Mayo v. National Farmers Union

Annotate this Case

833 P.2d 54 (1992)

Clarence W. MAYO and Joyce Mayo, Petitioners, v. NATIONAL FARMERS UNION PROPERTY AND CASUALTY COMPANY, a Colorado corporation, Respondent.

No. 91SC233.

Supreme Court of Colorado, En Banc.

July 20, 1992.

*55 John Gehlhausen, P.C., John Gehlhausen, Darla Scranton Specht, Lamar, for petitioners.

Makris, Hunsaker, Towey and Melonakis, P.C., William J. Hunsaker, Michael S. Keilly, Denver, for respondent.

Wilcox, Ogden & Cox, P.C., Ralph Ogden, Denver, for amicus curiae Colorado Trial Lawyers Ass'n.

Zupkus & Ayd, P.C., Stefan Kazmierski, Denver, for amicus curiae Colorado Defense Lawyers Ass'n.

Justice LOHR delivered the Opinion of the Court.

We granted certiorari to determine whether section 10-4-418(2)(b), 4A C.R.S. (1987), which authorizes household exclusion clauses in automobile liability insurance policies, violates the equal protection clauses of the United States and Colorado Constitutions. In general, a household exclusion clause excludes coverage for claims asserted by a member of a household against another member of the same household. See id. After an automobile accident, National Farmers Union Property and Casualty Company (National) brought a declaratory judgment action against its insureds, Clarence W. Mayo and Joyce Mayo, to determine whether Joyce Mayo's negligence claim against Clarence Mayo for bodily injuries sustained in the accident were covered under their policy. The Mayos' policy contained a household exclusion clause.

The district court determined that the statute authorizing household exclusion clauses is consistent with equal protection requirements and granted summary judgment for the insurer. The court rejected the Mayos' contention that the classifications created by the statute unconstitutionally impair their fundamental right to travel. The district court also rejected certain other defenses presented by the Mayos that were not based on constitutional grounds. The Colorado Court of Appeals affirmed, but declined to review the equal protection issue because it lacked jurisdiction to do so.[1]National Farmers Union Property & Casualty Co. v. Mayo, No. 89CA1903 (February 7, 1991) (not selected for publication). We granted certiorari to address that issue and now affirm the district court's judgment for National.

*56 I.

We derive the following facts from the record developed in the district court. Clarence and Joyce Mayo are husband and wife and are members of the same household. They insured their pickup truck under an automobile liability insurance policy issued by National. On September 6, 1987, Clarence Mayo was driving the vehicle, with Joyce Mayo as his passenger, when the pickup collided with another vehicle. Joyce Mayo sustained various injuries as a result of the accident and commenced a suit against her husband and the driver of the other vehicle.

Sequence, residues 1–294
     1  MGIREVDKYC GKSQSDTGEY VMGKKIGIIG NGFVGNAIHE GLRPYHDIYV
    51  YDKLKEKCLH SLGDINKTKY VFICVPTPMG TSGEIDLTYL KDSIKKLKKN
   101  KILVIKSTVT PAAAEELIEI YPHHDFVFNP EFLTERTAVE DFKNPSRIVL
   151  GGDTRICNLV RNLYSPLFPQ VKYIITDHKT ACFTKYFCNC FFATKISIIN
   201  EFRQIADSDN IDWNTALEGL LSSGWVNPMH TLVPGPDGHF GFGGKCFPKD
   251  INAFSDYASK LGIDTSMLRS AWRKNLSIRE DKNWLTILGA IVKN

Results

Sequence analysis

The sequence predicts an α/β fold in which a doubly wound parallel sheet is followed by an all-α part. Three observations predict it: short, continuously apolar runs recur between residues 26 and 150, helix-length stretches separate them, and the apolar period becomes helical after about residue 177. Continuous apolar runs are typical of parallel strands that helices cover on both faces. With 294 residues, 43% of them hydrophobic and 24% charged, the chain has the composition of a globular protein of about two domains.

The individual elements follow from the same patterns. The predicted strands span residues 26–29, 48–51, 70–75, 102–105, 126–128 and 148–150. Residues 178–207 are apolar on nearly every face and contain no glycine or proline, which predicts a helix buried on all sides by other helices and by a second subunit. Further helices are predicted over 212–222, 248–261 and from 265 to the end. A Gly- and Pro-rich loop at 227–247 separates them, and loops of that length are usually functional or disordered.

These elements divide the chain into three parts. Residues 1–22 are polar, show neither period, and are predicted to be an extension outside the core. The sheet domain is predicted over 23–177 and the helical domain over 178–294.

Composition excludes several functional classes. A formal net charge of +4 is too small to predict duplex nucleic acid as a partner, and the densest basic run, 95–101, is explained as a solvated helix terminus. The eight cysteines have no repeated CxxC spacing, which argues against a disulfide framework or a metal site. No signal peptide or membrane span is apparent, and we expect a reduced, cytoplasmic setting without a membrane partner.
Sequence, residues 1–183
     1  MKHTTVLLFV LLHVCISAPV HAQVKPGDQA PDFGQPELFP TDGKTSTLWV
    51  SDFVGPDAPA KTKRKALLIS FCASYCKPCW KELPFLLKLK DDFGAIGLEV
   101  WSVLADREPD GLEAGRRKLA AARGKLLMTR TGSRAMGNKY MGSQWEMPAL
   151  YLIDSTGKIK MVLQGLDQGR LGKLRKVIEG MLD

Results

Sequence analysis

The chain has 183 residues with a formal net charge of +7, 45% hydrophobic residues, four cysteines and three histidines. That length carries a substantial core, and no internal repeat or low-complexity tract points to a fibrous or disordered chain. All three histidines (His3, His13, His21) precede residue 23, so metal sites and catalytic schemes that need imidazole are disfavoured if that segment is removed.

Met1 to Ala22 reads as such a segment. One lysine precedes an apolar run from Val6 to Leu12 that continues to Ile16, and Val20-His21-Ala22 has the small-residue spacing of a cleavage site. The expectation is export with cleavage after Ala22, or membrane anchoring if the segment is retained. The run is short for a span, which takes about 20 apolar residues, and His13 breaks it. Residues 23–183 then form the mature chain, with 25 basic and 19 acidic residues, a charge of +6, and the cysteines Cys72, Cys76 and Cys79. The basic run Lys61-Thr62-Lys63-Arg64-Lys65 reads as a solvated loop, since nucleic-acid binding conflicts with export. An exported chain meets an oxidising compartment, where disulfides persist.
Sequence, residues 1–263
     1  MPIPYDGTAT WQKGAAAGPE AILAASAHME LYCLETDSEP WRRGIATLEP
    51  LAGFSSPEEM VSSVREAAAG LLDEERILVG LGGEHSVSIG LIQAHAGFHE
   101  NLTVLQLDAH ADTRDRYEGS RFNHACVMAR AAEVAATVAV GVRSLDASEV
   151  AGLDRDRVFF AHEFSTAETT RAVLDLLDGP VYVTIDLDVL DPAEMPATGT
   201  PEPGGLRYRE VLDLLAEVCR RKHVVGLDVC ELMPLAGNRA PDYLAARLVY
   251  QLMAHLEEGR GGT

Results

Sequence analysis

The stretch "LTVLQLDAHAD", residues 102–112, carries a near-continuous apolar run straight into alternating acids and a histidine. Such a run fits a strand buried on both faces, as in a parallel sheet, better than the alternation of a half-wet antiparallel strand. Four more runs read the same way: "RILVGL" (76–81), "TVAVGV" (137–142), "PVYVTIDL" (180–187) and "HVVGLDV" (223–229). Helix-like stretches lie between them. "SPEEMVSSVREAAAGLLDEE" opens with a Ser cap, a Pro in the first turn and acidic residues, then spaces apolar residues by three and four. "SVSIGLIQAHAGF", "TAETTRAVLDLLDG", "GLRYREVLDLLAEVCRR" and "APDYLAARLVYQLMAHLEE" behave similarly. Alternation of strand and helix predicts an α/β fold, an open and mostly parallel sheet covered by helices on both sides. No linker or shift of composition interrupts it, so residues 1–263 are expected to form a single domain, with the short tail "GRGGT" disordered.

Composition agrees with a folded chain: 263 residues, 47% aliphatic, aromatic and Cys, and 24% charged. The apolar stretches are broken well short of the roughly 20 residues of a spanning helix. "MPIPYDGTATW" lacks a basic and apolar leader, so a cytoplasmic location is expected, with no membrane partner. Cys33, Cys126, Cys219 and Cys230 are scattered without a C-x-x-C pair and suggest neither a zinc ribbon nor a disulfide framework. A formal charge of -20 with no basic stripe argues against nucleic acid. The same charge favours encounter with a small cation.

National then brought a separate action for a declaratory judgment, naming the Mayos as defendants and seeking a determination that the Mayos' policy provided no coverage for the claims brought by Joyce Mayo against Clarence Mayo. The policy contained a household exclusion clause, by which National excluded coverage for bodily injury to any "insured person," a term that included Joyce Mayo as a named insured and as a spouse of a named insured living in the same household.[2] The parties filed cross-motions for summary judgment, and the district court granted summary judgment for National on all issues.[3] The court of appeals affirmed but held that it had no jurisdiction to consider the Mayos' challenge to the constitutionality of the statute authorizing the use of household exclusion clauses in automobile liability insurance policies. We granted certiorari to address that limited issue.

The Mayos attack the constitutional sufficiency of the household exclusion clause and the statute upon which it is based. They assert that the statutory authorization for household exclusion clauses found in section 10-4-418(2)(b), 4A C.R.S. (1987), creates classes of similarly situated persons who are treated differently for the purpose of insurance coverage for liability for bodily injury, and thereby violates the equal protection guarantees of the United States and Colorado Constitutions.[4] In particular, they assert that the statutory authorization significantly burdens their fundamental right to travel and invokes a standard of strict scrutiny. In their brief the Mayos state their position as follows:

Any interference with an injured victim's statutory right to compensation for injuries arising out of automobile accidents, such as created by the household exclusion in Mayos' policy, is a deprivation of the basic necessities of life with sufficient "impact" to constitute a violation of the fundamental right to travel and justify application of the strict scrutiny standard of review. II.

The statute under attack, § 10-4-418(2)(b), provides:

*57 The commissioner [of insurance] shall not find that a policy form, certificate, or contract of insurance or rider does not comply with the applicable requirements and standards of this title [10, Insurance] on the ground that it excludes coverage of claims made by a member of a household against another member of the same household. Such exclusions are in conformity with the public policy of this state.